War Over Hindi
There are better ways to foster national unity than a single national language
Union home minister Amit Shah’s controversial pitch for Hindi as a national language has drawn sharp reactions from both the opposition and regional BJP leaders. BJP’s Karnataka chief minister BS Yediyurappa has declared that all official languages are equal and there will be no compromise on the importance of Kannada. Similarly, BJP ally AIADMK has asserted that Tamil Nadu will stick to Tamil and English. The language issue has an old, emotive history in the country. The Constitution already treats Hindi as the official language of the Union and gives states the freedom to legislate their own official languages. Additionally 22 languages – including Hindi – are recognised in the Eighth Schedule of the Constitution.
The concept of a one-language nation to foster unity among the people is a construct of 19th century European nationalism, which became outmoded in the 20th century itself. And in the 21st century, technology is bringing down language barriers in any case. Recent history also offers many instances of the pitfalls of imposing a language on people with a different mother tongue. We have already witnessed strong anti-Hindi agitations in Tamil Nadu in 1965, which stymied the imposition of Hindi. And in neighbouring Bangladesh – then East Pakistan – the language movement against the imposition of Urdu on Bengali speakers was a key driver of Pakistan splitting into two nations.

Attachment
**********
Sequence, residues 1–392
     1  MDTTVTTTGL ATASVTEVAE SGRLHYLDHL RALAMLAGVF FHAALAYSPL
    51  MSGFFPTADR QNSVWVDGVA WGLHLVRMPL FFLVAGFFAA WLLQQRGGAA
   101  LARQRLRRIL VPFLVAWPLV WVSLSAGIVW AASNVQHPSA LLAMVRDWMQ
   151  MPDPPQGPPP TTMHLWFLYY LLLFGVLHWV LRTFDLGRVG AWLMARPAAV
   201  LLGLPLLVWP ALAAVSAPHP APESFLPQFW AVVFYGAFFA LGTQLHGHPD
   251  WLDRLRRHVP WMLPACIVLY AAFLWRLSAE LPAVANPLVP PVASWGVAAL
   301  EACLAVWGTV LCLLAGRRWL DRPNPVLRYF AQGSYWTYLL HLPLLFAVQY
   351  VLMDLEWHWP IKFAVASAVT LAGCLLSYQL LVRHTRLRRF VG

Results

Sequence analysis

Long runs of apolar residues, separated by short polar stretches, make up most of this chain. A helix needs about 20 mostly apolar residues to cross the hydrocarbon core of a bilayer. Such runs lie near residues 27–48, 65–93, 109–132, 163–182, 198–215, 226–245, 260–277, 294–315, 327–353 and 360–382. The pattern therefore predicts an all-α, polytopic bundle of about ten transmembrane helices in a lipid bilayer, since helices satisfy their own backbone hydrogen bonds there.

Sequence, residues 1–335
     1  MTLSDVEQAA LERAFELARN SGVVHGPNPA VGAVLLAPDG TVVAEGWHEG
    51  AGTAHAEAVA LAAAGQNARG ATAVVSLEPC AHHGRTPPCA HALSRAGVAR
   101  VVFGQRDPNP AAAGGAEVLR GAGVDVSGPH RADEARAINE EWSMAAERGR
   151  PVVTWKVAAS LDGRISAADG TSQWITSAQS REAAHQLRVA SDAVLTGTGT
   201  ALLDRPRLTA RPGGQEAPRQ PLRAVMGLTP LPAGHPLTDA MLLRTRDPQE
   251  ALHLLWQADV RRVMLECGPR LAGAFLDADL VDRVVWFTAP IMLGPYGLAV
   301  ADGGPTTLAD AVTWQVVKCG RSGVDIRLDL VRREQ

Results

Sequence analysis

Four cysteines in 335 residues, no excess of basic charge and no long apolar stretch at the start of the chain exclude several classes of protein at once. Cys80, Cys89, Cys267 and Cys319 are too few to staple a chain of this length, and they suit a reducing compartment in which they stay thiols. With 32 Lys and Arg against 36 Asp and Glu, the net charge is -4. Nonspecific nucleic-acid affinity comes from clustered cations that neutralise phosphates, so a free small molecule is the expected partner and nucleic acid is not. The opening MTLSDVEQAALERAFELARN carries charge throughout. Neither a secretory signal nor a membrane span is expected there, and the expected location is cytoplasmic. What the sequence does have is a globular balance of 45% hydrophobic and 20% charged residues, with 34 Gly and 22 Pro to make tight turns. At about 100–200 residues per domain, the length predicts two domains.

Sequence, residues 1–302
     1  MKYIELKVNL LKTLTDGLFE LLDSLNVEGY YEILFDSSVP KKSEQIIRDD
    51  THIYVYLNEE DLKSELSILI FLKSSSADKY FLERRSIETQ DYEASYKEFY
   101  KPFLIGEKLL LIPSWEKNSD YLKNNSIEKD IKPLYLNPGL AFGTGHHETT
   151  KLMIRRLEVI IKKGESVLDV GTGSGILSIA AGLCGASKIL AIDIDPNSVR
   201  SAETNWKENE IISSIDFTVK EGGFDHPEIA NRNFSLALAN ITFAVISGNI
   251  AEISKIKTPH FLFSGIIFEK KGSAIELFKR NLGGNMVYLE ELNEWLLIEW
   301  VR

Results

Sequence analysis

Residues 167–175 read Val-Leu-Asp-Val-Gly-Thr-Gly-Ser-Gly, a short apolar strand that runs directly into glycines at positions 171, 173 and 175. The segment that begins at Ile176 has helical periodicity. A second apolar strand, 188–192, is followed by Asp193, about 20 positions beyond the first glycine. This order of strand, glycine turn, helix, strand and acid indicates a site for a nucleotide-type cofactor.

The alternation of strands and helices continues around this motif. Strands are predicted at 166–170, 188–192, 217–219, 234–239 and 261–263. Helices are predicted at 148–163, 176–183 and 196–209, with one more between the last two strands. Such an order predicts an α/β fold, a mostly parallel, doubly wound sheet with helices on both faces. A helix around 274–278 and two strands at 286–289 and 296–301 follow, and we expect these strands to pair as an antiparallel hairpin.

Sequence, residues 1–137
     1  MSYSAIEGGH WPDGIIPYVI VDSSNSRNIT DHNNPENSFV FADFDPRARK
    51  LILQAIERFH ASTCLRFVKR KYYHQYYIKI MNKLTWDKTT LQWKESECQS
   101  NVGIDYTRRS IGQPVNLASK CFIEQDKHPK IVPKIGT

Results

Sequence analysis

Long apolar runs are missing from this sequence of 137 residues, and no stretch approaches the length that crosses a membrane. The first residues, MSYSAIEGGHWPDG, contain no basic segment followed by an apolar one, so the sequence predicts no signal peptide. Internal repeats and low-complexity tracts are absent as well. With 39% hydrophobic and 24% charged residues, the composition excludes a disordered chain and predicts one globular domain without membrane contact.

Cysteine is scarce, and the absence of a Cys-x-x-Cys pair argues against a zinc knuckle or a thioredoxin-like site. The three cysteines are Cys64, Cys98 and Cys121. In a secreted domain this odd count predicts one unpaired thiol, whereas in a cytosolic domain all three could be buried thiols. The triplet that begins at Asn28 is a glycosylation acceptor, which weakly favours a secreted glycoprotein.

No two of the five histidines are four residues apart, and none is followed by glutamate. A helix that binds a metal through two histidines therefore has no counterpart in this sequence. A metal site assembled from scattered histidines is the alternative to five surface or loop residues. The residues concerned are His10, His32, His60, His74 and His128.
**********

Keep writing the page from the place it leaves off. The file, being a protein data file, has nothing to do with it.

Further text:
Moreover, there are better ways to foster national unity than imposing a language. Having a single, simplified tax structure creating a common market for the country, or fostering a single labour market are far better ways of practically integrating the country as well as boosting the economy. Nativist onslaughts on English too are counterproductive, given that the language is linked to India’s successes in modern sectors such as IT. Restarting language wars won’t help the nation in any way.